We climbed in and sure enough as soon as we were sitting comfortably, the chap got out of the car and ran off behind my neighbour’s property. I tensed up for a bit; this kind of thing only happens in assassination thrillers when a bomb is planted in the target’s vehicle and his driver is in on the plot. We sat there bemused for about ten minutes before the mini cab driver returned. He was apologetic, sweating profusely and suspiciously doing up his trousers. To my horror and disgust I realised he must have been caught short and had defecated behind the neighbouring block of flats. There was no mistaking the way he had sprinted off; it was the run of a man who has dined well on curry and beer without being mindful of the consequences. Aside from that, the ride was moderately pleasant, interspersed by the odd moment of terror. The car occasionally gave up in disgust and stalled, leaving us stranded in angry traffic. On the road into Heathrow we were inches away from being hit by a car. The ride was cheap, but as happens so often in life, you get what you pay for (although this maxim is often used as a justification for downright extortion).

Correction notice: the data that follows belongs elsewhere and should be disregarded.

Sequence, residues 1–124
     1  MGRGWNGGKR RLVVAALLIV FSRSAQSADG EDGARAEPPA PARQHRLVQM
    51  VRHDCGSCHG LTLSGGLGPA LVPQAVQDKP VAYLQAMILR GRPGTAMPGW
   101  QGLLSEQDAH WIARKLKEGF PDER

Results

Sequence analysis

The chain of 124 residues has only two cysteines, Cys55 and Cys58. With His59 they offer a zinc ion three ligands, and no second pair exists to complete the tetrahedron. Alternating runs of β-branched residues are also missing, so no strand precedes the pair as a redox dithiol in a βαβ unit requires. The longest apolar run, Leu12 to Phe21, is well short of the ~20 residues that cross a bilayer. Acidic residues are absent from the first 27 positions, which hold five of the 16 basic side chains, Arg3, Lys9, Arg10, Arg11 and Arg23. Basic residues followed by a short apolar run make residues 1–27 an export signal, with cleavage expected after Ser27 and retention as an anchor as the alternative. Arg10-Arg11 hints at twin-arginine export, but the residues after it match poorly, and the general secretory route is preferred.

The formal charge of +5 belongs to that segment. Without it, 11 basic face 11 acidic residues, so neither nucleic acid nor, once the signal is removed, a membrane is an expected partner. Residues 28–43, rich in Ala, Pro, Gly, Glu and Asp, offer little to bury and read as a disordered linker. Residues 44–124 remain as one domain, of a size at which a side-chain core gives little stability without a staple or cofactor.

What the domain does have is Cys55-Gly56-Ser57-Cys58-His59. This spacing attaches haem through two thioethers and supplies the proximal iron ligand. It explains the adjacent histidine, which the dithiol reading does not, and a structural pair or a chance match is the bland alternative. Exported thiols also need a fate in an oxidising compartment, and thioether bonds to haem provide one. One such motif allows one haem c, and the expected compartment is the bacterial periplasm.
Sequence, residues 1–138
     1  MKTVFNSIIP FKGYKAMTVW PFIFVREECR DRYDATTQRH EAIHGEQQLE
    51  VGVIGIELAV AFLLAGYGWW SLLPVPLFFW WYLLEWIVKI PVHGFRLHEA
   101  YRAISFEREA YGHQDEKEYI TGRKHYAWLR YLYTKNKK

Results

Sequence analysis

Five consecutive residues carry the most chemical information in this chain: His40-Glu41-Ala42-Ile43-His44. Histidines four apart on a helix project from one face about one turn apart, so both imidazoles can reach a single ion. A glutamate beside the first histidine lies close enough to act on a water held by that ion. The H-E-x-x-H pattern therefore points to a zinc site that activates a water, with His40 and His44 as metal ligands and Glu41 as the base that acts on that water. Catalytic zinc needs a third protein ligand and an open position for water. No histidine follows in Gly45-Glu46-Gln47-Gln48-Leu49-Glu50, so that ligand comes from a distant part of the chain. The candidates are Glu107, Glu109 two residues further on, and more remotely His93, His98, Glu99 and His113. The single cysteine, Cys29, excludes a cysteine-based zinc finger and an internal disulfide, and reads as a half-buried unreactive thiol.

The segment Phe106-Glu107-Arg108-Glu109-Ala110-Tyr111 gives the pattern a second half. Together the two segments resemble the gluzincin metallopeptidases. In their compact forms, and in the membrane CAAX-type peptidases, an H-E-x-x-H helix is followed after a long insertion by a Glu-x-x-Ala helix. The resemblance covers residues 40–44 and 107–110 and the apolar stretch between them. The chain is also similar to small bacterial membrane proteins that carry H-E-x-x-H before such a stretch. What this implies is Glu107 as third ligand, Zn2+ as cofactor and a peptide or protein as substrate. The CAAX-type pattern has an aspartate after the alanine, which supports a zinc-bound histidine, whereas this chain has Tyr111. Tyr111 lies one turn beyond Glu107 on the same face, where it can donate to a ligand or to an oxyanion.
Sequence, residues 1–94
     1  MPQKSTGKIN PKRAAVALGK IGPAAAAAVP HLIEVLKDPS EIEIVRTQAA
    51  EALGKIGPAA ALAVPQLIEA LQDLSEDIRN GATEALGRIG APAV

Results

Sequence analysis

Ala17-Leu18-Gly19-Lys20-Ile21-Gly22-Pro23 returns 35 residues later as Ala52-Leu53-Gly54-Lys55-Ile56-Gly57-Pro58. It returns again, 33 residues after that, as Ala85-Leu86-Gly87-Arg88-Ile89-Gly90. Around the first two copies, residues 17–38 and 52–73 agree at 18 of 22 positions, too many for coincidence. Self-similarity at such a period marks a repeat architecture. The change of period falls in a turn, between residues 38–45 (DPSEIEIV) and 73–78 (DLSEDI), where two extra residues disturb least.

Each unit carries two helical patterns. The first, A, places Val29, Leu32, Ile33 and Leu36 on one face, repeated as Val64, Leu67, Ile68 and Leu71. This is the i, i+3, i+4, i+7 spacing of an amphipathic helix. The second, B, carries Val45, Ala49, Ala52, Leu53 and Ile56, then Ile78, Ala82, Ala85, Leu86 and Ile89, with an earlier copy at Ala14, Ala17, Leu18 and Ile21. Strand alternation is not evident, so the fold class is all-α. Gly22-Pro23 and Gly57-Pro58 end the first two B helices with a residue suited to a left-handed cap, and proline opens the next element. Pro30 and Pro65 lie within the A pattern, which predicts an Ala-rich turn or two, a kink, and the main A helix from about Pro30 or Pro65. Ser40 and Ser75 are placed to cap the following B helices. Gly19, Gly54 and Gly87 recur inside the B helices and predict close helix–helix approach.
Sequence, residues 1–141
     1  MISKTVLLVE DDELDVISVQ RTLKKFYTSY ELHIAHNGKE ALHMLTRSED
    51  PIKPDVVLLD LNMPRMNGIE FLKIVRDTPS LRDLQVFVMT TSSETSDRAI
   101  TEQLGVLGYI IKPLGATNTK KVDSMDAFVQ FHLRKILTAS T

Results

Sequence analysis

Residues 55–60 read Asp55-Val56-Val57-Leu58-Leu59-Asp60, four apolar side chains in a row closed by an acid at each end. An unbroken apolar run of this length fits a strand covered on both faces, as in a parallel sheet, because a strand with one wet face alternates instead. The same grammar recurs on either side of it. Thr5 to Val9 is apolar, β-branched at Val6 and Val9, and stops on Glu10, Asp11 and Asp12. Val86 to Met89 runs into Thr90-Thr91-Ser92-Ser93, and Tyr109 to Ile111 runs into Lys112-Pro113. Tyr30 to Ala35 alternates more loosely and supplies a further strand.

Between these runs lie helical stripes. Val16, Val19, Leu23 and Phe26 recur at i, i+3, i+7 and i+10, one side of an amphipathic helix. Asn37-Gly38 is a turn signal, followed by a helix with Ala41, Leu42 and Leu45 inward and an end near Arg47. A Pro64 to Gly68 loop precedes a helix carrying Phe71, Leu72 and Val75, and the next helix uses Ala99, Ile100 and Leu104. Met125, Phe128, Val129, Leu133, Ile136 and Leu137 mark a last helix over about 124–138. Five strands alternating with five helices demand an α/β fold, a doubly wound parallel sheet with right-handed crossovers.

And so it was on the ride back from the airport, having been in the States for a while we decided to take a good old-fashioned London Cabby home to Hendon. Sadly good old-fashioned cabs do not charge good old-fashioned prices and we were stung to the tune of 70 quid. So often life only offers you a series of bad options to choose from. Either a cab driver shits all over you neighbour’s property or he shits all over your bank balance; there is no happy medium.